Published online by Cambridge University Press: 27 September 2013
The decoration of Hellenistic houses can be understood in terms of hierarchies, which marked out the relative importance of the rooms and spaces in the house. In mosaics, the hierarchy is related to the materials used and the complexity of the design; wall painting is capable of expressing more subtle distinctions, through a combination of colours, motifs, decorative friezes, and architectural features in stucco relief. Surviving houses from Delos, Morgantina and Monte Iato are analysed in detail to explain how their decoration might have worked, and from these examples some conclusions are drawn about changes in the use of domestic space in the late Hellenistic period.
1 I should like to thank Manchester University and the British School at Athens for generous financial and practical support while this research was being carried out, and the British School at Rome for a travel grant which allowed me to visit Morgantina. I am also grateful to Roger Ling for commenting on a draft version of this article, and to Lisa Nevett for supplying me with a copy of her forthcoming paper on housing in Roman Greece.
Bulard = Bulard, M., Peintures murales et mosaïques de Délos (Monuments et Mémoires Piot, 14; Paris, 1908)Google Scholar
Délos VIII = Chamonard, J., Exploration archéologique de Délos VIII: Le, Quartier du Théâtre (Paris, 1922)Google Scholar
Délos XXVII = Bruneau, Ph., Vatin, Cl. et al. , Exploration archéologique de Délos XXVII: L'îlot de la Maison des comédiens (Paris, 1970)Google Scholar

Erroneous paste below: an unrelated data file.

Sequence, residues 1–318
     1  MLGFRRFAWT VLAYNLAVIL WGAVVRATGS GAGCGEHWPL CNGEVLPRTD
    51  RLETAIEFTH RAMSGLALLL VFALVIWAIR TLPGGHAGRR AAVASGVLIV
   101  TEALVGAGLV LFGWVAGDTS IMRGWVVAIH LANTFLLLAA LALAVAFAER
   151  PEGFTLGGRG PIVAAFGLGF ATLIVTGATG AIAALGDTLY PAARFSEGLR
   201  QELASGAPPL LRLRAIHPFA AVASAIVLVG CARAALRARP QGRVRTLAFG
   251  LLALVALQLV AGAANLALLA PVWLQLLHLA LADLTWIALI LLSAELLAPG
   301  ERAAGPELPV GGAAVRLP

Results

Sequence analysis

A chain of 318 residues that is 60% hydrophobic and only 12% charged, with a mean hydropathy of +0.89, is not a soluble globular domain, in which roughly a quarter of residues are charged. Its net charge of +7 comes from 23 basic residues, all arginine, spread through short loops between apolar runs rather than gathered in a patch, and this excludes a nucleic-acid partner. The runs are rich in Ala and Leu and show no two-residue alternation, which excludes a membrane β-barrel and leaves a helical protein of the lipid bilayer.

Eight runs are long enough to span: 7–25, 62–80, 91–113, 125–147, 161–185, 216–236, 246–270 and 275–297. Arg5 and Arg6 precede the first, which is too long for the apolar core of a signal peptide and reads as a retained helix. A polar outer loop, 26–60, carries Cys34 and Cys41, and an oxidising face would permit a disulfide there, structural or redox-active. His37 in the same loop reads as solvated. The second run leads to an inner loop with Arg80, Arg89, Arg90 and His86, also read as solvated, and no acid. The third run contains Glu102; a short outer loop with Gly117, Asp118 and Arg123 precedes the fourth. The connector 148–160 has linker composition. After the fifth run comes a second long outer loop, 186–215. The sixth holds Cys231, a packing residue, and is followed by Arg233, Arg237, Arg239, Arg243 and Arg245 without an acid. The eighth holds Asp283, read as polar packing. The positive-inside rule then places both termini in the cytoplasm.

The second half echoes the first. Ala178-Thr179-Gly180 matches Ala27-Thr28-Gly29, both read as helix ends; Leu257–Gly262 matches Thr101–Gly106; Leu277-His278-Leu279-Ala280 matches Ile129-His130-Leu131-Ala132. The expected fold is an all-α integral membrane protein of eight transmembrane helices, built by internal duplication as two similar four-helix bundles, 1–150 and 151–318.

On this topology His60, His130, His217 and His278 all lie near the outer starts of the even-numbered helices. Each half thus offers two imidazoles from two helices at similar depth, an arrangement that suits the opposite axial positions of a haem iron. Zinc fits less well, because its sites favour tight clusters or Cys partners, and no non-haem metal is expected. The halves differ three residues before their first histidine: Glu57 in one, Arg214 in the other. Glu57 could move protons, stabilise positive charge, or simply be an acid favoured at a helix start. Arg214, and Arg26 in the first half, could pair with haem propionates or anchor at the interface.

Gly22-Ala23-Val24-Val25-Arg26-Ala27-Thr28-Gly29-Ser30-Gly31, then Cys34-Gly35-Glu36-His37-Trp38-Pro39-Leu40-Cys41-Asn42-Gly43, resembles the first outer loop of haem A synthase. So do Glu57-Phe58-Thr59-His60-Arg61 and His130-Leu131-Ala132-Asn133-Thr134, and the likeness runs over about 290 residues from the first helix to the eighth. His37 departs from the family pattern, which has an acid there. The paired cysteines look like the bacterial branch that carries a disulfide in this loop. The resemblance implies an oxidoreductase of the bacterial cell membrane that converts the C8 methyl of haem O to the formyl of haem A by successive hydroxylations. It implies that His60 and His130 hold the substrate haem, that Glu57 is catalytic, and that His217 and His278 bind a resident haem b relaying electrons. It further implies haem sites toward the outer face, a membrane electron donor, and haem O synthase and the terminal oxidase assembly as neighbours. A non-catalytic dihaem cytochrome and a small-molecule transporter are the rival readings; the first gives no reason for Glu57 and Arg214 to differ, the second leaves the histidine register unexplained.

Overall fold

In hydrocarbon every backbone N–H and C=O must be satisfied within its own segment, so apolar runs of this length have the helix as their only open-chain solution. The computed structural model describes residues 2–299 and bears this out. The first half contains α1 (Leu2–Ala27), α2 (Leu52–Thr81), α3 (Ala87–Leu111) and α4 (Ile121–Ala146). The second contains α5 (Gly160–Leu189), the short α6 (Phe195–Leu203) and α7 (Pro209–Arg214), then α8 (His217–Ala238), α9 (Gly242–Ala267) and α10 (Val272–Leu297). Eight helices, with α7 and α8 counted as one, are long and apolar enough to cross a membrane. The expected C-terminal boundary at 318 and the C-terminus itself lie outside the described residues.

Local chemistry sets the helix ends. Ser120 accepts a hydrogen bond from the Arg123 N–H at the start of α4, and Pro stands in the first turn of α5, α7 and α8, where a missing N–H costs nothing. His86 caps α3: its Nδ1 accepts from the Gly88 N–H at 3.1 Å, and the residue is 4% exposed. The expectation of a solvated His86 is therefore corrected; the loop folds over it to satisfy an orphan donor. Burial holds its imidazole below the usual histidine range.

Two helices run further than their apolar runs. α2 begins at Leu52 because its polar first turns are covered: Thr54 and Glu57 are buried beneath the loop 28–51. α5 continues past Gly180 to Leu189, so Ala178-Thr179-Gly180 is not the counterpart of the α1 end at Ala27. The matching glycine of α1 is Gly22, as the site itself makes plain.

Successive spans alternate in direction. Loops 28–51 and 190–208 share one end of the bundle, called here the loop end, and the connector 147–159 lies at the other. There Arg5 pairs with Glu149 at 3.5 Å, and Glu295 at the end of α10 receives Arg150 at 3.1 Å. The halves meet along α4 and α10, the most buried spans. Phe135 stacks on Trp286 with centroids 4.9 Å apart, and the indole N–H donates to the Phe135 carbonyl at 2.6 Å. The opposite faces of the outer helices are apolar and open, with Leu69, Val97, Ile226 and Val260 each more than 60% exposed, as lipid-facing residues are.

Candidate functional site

Délos XXIX = Bruneau, Ph., Exploration archéologique de Délos XXIX: Les mosaïques (Paris, 1972)Google Scholar
Morgantina = B. Tsakirgis, The Domestic Architecture of Morgantina in the Hellenistic and Roman Periods (unpublished PhD dissertation, Princeton, 1984)
Trümper : Trümper, M., Wohnen in Delos: Eine baugeschichtliche Untersuchung zum Wandel der Wohnkultur in hellenistischer Zeit (Internationale Archäologie 46; Rahden, 1998)Google Scholar
Mosaics on Delos are referred to by the catalogue numbers used in Délos XXIX, in the form ‘Delos xxx’ I have followed the standard terminology for mosaics suggested by Balmelle, C. et al. , Le Décor géométrique de la mosaïque romaine: Répertoire graphiqu et descriptif des compositions linéaires et isotropes (Paris, 1985)Google Scholar.
2 Westgate, R. C., ‘Greek mosaics in their architectural and social context’, BICS 42 (1997–1998), 93–115Google Scholar.
5 The sculptures are catalogued by Kreeb, M., Untersuchungen zur figürlichen Ausstattung delischer Privathäuser (Chicago, 1988)Google Scholar; their relationship to their setting is explored in §2. 3, pp. 33–51. With three exceptions, only terracotta statuettes were found m the houses at Olynthos: ibid., 92.
6 For example, rooms N and J of ihe Maison des comédiens: Délos XXVII, 36–7; and room D of the Maison de l'hermès: Delorme, J., BCH 77 (1953), 452Google Scholar.
7 Finds of mosaics from the royal quarters of Pergamon and Alexandria presumably represent the ultimate in quality: Kawerau, G. and Wiegand, T., Altertümer von Pergamon V.1: Die Paläste der Hochburg (Berlin, 1930), text pls 26–39; pls 7–19Google Scholar; Guimier-Sorbets, A.- M., ‘Alexandrie: les mosaïques hellénistiques découvertes sur le terrain de la nouvelle Bibliotheca Alcxandrina’, RA 1998, 263–90Google Scholar.
8 Previous attempts at understanding the function of the paintings have had a more limited scope: de Meneses, U. T. Bezerra, ‘Essai de lecture sociologique de la décoration murale des maisons d'habitation hellénistiques a Délos’, Dialoghi, 3rd ser. 2.1 (1984), 77 88Google Scholar, focuses on the figured paintings found in a minority of houses: and Alabe, F., ‘Technique, décor et espace à Délos’, in Moormann, E. M. (ed.), Functional and Spatial Analysis of Wall Painting: Proceedings of the Fifth International Congress on Ancient Wall Painting. Amsterdam, 8–12 September 1992 (BABesch supp. 3; Leiden, 1993), 141–4Google Scholar, comments on the universal application of the same basic Masonry Style scheme to rooms of all types and sizes.